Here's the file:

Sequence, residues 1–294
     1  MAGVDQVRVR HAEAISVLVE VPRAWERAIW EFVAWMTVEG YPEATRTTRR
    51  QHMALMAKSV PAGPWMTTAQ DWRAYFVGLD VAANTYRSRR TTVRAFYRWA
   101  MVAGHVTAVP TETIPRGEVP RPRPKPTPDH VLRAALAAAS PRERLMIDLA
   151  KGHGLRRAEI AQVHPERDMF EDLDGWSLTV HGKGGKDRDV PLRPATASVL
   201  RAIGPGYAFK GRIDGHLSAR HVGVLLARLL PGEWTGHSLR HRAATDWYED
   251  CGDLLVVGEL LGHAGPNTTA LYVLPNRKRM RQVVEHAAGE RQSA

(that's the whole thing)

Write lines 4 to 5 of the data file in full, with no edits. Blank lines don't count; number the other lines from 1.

   101  MVAGHVTAVP TETIPRGEVP RPRPKPTPDH VLRAALAAAS PRERLMIDLA
   151  KGHGLRRAEI AQVHPERDMF EDLDGWSLTV HGKGGKDRDV PLRPATASVL